Images courtesy of Mark Storhaug & Kaiya Bates

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The experiences we have at school tend to stay with us throughout our lives. It's an impactful time where small acts of kindness, encouragement, and inspiration go a long way.

Schools, classrooms, and teachers that are welcoming and inclusive support students' development and help set them up for a positive and engaging path in life.

Here are three of our favorite everyday actions that are spreading kindness on campus in a big way:

Image courtesy of Mark Storhaug

1. Pickleball to Get Fifth Graders Moving

Mark Storhaug is a 5th grade teacher at Kingsley Elementary in Los Angeles, who wants to use pickleball to get his students "moving on the playground again after 15 months of being Zombies learning at home."

Pickleball is a paddle ball sport that mixes elements of badminton, table tennis, and tennis, where two or four players use solid paddles to hit a perforated plastic ball over a net. It's as simple as that.

Kingsley Elementary is in a low-income neighborhood where outdoor spaces where kids can move around are minimal. Mark's goal is to get two or three pickleball courts set up in the schoolyard and have kids join in on what's quickly becoming a national craze. Mark hopes that pickleball will promote movement and teamwork for all his students. He aims to take advantage of the 20-minute physical education time allotted each day to introduce the game to his students.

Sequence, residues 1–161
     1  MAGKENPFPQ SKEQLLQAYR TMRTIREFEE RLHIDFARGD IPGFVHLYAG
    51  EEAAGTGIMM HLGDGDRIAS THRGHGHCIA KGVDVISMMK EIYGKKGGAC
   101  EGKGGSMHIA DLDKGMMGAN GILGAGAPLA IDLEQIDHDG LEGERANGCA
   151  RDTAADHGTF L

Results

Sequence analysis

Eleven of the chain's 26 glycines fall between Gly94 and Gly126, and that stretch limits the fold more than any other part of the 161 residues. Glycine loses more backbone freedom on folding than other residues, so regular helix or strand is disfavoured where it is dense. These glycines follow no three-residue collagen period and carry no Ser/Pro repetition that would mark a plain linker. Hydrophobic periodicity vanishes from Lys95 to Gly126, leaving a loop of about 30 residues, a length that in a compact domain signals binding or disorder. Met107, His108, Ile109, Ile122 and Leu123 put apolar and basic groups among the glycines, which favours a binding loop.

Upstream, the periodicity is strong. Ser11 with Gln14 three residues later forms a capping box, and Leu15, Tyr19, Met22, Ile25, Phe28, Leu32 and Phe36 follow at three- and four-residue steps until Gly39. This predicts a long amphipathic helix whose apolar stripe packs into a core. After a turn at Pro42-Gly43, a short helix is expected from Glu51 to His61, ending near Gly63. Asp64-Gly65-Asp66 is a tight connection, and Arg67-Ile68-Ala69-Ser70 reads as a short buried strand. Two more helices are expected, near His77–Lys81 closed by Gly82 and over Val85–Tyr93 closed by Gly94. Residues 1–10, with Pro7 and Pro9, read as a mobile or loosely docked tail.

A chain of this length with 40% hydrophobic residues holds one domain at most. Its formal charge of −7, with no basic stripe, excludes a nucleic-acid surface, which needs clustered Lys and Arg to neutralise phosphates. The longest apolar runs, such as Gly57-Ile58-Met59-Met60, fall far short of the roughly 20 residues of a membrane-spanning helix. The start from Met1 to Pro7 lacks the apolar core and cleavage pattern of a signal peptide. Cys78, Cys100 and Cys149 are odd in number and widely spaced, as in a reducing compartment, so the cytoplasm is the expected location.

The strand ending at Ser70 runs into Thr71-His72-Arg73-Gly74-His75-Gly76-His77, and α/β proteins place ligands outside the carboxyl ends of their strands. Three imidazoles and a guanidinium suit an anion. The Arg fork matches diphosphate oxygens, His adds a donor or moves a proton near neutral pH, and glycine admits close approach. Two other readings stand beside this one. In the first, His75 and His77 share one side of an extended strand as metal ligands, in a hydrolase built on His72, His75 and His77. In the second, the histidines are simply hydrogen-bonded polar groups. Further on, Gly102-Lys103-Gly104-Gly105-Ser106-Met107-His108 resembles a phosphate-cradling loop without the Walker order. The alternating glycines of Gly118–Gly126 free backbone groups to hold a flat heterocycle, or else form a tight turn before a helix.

Help Mark get his students outside, exercising, learning to cooperate, and having fun by donating to his GoFundMe.

Image courtesy of Kaiya Bates

2. Staying C.A.L.M: Regulation Kits for Kids

According to the WHO around 280 million people worldwide suffer from depression. In the US, 1 in 5 adults experience mental illness and 1 in 20 experience severe mental illness, according to the National Alliance on Mental Illness.

Kaiya Bates, who was recently crowned Miss Tri-Cities Outstanding Teen for 2022, is one of those people, and has endured severe anxiety, depression, and selective mutism for most of her life.

Through her GoFundMe, Kaiya aims to use her "knowledge to inspire and help others through their mental health journey and to spread positive and factual awareness."

She's put together regulation kits (that she's used herself) for teachers to use with students who are experiencing stress and anxiety. Each "CALM-ing" kit includes a two-minute timer, fidget toolboxes, storage crates, breathing spheres, art supplies and more.

Kaiya's GoFundMe goal is to send a kit to every teacher in every school in the Pasco School District in Washington where she lives.

To help Kaiya achieve her goal, visit Staying C.A.L.M: Regulation Kits for Kids.

Image courtesy of Julie Tarman

3. Library for a high school heritage Spanish class

Julie Tarman is a high school Spanish teacher in Sacramento, California, who hopes to raise enough money to create a Spanish language class library.

The school is in a low-income area, and although her students come from Spanish-speaking homes, they need help building their fluency, confidence, and vocabulary through reading Spanish language books that will actually interest them.

Julie believes that creating a library that affirms her students' cultural heritage will allow them to discover the joy of reading, learn new things about the world, and be supported in their academic futures.

To support Julie's GoFundMe, visit Library for a high school heritage Spanish class.

Do YOU have an idea for a fundraiser that could make a difference? Upworthy and GoFundMe are celebrating ideas that make the world a better, kinder place. Visit upworthy.com/kindness to join the largest collaboration for human kindness in history and start your own GoFundMe.